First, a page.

By Martin Kidston/MISSOULA CURRENT
The Missoula Historic Preservation Commission stumbled through another marathon meeting on Thursday night, amending several findings of fact regarding a demolition permit for the Mercantile, arguing over law, and casting doubt on the developers’ effort to find alternative uses for the vacant building before voting to deny the application.
After chastising the HomeBase developers, the commission voted 6-0 to deny the demolition permit for the Mercantile. Four members abstained from voting over accusations of bias while others called the process a “debacle,” suggesting HomeBase had failed to meet several criteria.
“We come here in March, our mayor tells us we need to comply and we find out there’s a bunch of debauchery going on,” said commission member Scott Loken, who missed nearly two months of discussion but voted to deny the permit. “The conclusion is we weren’t informed – we didn’t get the information prior to our meeting.”
Barring an appeal by the developers to the City Council, six volunteer commission members effectively scuttled a $30 million community project that would have given use to a vacant downtown property, employed up to 200 local residents and served as a boon to downtown businesses.
Several business owners have argued the importance of revitalizing the downtown corner with a proposed 150-room hotel, but to no avail. Six members of the commission, spearheaded by Delia Hagen, massaged the findings of fact to achieve a desired outcome, despite caution by the city attorney.
“You cannot insert language into any law in order to achieve a desired result,” said City Attorney Jim Nugent. “You have to be focused on plain meaning. You have to look at the plain meaning and make your best interpretation, and that’s what the courts will look at as well.”
Commission members argued over various nuances, from the time frame in which the building has sat vacant to suggesting advertising requirements had not met statute. They also suggested that developers had failed to consult with the appropriate agencies in the appropriate time frame, and didn’t make a good-faith effort to find a buyer, despite documents suggesting otherwise.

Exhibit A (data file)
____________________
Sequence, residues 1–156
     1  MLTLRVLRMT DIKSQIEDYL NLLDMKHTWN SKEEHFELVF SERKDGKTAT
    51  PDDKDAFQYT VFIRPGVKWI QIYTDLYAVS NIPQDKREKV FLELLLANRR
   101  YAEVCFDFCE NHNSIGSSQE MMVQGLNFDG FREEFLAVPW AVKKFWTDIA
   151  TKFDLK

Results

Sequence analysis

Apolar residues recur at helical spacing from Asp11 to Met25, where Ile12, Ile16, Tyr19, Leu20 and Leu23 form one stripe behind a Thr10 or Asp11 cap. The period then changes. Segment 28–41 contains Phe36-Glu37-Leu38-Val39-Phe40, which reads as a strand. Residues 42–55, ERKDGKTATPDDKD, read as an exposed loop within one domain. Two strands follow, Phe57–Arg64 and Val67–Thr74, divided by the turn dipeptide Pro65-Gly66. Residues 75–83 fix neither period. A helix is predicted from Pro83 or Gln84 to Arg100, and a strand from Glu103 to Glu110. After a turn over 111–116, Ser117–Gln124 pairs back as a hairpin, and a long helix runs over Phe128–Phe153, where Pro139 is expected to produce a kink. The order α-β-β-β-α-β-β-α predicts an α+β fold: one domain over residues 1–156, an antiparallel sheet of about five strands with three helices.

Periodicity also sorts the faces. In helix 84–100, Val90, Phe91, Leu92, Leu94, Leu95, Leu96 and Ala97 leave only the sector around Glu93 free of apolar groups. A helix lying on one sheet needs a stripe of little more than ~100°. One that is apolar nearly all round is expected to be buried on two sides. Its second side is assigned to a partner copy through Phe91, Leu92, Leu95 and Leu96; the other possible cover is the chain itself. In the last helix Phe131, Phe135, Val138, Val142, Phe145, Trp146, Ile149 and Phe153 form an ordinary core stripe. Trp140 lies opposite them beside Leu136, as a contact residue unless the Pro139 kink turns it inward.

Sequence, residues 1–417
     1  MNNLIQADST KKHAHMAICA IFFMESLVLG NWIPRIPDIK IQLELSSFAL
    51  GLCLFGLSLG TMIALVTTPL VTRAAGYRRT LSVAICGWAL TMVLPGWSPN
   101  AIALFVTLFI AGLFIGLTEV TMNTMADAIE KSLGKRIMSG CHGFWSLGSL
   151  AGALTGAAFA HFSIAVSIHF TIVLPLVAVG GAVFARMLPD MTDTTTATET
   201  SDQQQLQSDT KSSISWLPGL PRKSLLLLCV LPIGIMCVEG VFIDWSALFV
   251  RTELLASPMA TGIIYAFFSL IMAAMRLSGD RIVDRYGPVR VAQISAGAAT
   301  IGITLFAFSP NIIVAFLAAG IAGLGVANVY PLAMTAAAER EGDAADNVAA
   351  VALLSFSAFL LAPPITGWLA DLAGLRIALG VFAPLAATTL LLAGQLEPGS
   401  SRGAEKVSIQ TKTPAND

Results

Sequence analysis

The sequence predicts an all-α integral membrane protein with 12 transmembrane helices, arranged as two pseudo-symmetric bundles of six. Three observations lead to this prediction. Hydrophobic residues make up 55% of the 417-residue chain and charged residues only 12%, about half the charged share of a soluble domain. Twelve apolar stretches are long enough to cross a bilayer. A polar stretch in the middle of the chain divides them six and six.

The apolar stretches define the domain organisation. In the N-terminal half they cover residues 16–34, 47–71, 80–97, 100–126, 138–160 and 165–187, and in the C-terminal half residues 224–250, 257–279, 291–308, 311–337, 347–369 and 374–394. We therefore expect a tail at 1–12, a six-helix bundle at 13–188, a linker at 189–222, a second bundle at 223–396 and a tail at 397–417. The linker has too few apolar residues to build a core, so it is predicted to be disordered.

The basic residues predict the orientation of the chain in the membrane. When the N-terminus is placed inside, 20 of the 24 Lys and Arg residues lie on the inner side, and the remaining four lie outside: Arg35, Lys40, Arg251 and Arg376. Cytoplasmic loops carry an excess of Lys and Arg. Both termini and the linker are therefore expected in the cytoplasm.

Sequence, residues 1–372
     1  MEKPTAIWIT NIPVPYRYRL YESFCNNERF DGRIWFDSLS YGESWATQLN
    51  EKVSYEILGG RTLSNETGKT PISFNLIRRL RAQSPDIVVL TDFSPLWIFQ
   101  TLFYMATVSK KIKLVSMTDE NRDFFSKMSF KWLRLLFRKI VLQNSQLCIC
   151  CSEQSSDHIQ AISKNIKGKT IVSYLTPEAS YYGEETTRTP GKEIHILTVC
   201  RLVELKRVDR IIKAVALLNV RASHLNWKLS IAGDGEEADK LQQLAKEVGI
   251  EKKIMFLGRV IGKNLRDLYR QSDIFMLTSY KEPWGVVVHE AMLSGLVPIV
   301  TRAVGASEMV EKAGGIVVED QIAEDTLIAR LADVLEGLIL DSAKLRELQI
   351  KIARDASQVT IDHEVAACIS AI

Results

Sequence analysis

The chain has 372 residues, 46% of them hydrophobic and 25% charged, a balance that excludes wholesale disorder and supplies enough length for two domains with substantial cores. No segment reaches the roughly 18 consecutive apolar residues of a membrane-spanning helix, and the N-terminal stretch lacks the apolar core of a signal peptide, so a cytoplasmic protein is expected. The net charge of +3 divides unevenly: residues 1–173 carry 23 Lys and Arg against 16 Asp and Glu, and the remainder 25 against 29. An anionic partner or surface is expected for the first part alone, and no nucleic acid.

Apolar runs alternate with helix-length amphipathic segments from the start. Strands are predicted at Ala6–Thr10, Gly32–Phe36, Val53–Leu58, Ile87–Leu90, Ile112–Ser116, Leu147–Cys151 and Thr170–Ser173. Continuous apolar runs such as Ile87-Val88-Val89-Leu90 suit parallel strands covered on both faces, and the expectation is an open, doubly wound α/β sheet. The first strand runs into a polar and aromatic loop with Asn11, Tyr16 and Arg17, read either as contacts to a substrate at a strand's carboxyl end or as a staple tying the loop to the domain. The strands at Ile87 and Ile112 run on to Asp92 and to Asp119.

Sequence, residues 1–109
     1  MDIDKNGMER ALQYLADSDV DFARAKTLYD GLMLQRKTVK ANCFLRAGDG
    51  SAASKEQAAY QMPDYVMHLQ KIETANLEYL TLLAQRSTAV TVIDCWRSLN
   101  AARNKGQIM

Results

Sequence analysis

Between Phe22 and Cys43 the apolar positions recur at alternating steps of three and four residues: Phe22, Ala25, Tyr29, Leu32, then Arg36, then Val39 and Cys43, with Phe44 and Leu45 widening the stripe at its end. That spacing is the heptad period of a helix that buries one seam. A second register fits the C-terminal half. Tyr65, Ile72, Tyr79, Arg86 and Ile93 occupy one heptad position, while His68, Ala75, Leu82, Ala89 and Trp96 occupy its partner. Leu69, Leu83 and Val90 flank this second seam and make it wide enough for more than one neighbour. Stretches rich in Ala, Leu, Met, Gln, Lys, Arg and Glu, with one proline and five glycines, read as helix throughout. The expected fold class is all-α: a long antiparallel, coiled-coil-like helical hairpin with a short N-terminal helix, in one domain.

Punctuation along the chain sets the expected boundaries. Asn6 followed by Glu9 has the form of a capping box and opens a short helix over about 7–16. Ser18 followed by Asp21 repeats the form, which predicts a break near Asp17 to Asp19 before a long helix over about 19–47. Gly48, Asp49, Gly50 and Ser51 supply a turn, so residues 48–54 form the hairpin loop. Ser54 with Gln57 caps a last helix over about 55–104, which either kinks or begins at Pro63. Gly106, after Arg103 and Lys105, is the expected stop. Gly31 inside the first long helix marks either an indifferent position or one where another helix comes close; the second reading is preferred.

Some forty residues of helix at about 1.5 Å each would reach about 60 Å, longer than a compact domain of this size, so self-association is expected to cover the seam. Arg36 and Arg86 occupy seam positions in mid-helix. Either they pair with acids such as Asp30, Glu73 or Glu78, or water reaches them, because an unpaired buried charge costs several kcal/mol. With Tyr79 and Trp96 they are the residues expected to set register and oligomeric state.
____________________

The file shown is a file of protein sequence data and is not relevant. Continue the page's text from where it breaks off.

They waited nearly 90 full days before rendering a decision.
“There’s been demonstrated in public process and public comment, which we were told we could use in evaluating the application, that there are alternatives and they’ve been pretty readily available,” Hagen said. “If they (developers) haven’t seen them, then they must not have made a good-faith effort to find them, since they’re not that hidden.”
The developers argued otherwise, saying the structure has sat on the market for several years at $4.5 million and has appeared in numerous national real-estate listings. As many as 20 credit-worthy buyers have toured the building but walked away after determining that repurposing the structure was financially unfeasible.
After Hagen suggested another buyer was lurking, developers urged her to provide details. She failed to do so and members of the commission didn’t press for answers.
“We have a member of the commission who has a user for this building, and it would be great for her to share that with everyone,” said HomeBase developer Andy Holloran. “Many people have looked to repurpose this building over the past six years, from the library to the hospital to Whole Foods – twice. I don’t know what you define good faith as, but Octagon has been living this for six years to try to find an alternative to rehabilitate this building, without success.”
The building’s owner, Octagon Capital Partners, is a national leader in historic renovation and has been unable to find a tenant, which is required to receive financing. Without a tenant, Holloran said, the basic elements of financing cannot occur.
“That’s the heart of the matter,” he said. “The bottom line is, there has not, and there is not, a tenant or group of tenants who will lease a majority of that building so the very basic aspects of financing for that building can occur. There’s no project, and that’s the root of the issue.”
The commission wasn’t swayed and spearheaded a negative outcome from the start, casting unanimous votes all but once. It accepted as fact some evidence but excused other details. It proposed alternative conclusions and revised nearly a dozen findings of fact while striking other details from the record, including the staff report suggesting developers had me the criteria.
After more than four hours of discussion, the commission ultimately voted to deny the permit on a 6-0 vote, with four members abstaining. The meeting concluded at 11:30 p.m.
“The burden of proof is upon the applicant to prove the criteria,” commission member Steve Adler said. “We’ve basically just stricken all the findings of fact to support the conclusion.”